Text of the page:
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Title: Role of governance style, institutional capacity and regulatory culture in the adoption of ISO14001 : the case of Athens International Airport (AIA)
Author: Kassolis, Maria
ISNI:       0000 0004 2747 4353
Awarding Body: Cardiff University
Current Institution: Cardiff University
Date of Award: 2005
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This thesis examines the development of ISO14001 - an international environmental management standard - within the Greek context. Numerous organisations in Greece are adopting schemes for environmental management, but the analysis examines the processes of adopting and implementing ISO14001 in a single organisation, by examining in-depth an international airport's participation in ISO14001. The rationale for this approach is to understand the "diffusion" of a notionally global policy instrument, by investigating the way in which ISO14001 is implemented in particular national settings through the concepts of institutional capacity, regulatory culture and governance style. The social and institutional aspects of environmental management are crucial here: in any policy implementation situation, in spite of complex mechanisms seeking to deliver more sustainable activities, there are likely to be disputable outcomes in the implementation of the scheme. In particular this research illustrates the ambiguous nature of the institutionalisation process itself and of the uncertain power available to states and other bodies to implement ISO14001. The findings illuminate the balance of forces promoting ISO14001 in Greece, where multi-national companies and supply-chain pressure are being joined by assertive - if not always effective - state action. The research identifies possible tensions between government policies, business initiatives and the growth of voluntarism as a force for better environmental management in Greece. The shift of certification from the state to private sector promoted by perceived deficiencies in Greek domestic institutional capacity facilitates the diffusion of ISO14001, albeit that it is seen more as a prerequisite of economic growth, rather than a significant force for environmental improvement. This thesis critically evaluates these trends and argues for environmental management engaging with competitiveness and market pressures. Indeed ISO14001 has become a "commodity" in the market for global credibility. With public infrastructure projects at least, state legislative action is important in mandating the use of such 'voluntary tools', raising further questions about the motivation. Market forces by themselves seem less able to undertake the required changes in environmental policy. It is shown that to facilitate environmental responsibility, proper institutional and cultural arrangements must be established and executed by the government and the wider society.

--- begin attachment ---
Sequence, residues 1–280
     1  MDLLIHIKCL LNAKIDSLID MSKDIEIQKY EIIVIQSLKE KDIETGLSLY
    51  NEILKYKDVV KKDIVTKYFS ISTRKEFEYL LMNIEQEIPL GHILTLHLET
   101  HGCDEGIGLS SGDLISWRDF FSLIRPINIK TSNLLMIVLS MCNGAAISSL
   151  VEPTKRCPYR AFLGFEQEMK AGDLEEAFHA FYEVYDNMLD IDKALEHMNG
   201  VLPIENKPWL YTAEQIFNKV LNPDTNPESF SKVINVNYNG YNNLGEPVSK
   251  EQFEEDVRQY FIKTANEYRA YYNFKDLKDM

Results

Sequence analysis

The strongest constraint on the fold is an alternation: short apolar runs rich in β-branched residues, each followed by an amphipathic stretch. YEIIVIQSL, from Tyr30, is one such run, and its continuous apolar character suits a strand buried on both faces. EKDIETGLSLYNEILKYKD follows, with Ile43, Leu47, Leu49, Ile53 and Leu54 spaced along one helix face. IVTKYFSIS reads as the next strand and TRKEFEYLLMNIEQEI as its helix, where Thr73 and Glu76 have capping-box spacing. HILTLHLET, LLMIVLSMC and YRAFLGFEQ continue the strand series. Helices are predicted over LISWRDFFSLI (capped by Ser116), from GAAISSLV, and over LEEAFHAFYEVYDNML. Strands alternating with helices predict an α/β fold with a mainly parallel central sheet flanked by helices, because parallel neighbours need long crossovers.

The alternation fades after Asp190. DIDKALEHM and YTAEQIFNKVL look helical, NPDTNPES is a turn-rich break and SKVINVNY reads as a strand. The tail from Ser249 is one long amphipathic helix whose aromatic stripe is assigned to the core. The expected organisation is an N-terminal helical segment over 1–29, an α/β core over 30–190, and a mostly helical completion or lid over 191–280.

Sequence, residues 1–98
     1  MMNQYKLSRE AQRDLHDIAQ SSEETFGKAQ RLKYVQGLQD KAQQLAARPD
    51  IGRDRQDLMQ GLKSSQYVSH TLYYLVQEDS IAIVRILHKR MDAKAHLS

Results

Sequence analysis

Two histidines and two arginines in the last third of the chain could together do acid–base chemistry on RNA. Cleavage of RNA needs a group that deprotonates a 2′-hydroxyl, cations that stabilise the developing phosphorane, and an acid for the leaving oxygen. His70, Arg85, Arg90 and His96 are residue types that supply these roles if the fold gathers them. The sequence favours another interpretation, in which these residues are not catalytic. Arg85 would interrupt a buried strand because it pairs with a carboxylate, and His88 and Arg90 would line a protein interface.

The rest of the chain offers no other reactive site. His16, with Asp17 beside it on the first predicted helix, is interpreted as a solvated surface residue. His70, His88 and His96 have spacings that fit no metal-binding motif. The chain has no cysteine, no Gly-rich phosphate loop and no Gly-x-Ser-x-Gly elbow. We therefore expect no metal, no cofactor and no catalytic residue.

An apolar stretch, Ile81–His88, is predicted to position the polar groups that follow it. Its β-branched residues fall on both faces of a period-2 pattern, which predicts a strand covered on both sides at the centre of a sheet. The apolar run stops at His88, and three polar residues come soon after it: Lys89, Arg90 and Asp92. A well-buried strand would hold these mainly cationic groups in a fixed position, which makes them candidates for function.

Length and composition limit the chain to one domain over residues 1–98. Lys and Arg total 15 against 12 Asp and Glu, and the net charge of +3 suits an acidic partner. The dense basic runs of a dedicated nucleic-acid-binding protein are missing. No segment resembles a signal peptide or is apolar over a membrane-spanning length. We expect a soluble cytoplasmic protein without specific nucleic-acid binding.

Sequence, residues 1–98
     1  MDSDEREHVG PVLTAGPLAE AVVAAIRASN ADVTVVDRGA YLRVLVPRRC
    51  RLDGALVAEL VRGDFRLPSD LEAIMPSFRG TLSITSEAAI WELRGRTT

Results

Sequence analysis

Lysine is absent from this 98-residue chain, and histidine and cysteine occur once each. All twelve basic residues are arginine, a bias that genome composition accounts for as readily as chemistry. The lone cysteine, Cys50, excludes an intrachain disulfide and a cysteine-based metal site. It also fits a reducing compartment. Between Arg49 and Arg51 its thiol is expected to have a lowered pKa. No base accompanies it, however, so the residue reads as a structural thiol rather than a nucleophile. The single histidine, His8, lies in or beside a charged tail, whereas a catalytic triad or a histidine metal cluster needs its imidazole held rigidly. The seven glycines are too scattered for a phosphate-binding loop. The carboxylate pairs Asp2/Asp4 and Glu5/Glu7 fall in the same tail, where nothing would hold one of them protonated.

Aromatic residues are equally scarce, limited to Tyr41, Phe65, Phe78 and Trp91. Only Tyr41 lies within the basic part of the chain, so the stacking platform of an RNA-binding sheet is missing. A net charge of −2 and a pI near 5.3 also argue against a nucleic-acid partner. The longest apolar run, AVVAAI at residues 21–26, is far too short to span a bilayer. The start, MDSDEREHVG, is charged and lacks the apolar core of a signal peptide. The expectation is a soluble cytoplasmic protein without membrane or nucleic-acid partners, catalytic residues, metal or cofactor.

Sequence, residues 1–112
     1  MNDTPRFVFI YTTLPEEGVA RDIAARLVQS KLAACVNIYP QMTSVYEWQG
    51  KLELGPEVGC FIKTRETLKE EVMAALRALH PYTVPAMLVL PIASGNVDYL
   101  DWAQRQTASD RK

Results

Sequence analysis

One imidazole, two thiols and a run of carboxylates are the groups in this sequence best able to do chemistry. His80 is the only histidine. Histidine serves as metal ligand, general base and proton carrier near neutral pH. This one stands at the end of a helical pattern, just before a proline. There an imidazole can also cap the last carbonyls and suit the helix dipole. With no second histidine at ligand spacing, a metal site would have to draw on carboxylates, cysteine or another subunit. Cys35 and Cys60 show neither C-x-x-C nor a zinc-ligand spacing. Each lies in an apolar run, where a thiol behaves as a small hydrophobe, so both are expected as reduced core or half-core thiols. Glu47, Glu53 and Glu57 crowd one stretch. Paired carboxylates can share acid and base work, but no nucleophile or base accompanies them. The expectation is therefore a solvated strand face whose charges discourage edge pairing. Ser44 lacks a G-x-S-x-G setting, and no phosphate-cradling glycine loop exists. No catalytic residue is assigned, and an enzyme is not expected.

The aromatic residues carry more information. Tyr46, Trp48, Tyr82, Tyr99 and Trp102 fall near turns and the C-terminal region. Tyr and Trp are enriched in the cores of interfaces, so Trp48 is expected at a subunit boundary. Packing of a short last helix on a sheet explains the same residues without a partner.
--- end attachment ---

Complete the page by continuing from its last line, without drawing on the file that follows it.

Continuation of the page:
Supervisor: Not available Sponsor: Not available
Qualification Name: Thesis (Ph.D.) Qualification Level: Doctoral
EThOS ID:  DOI: Not available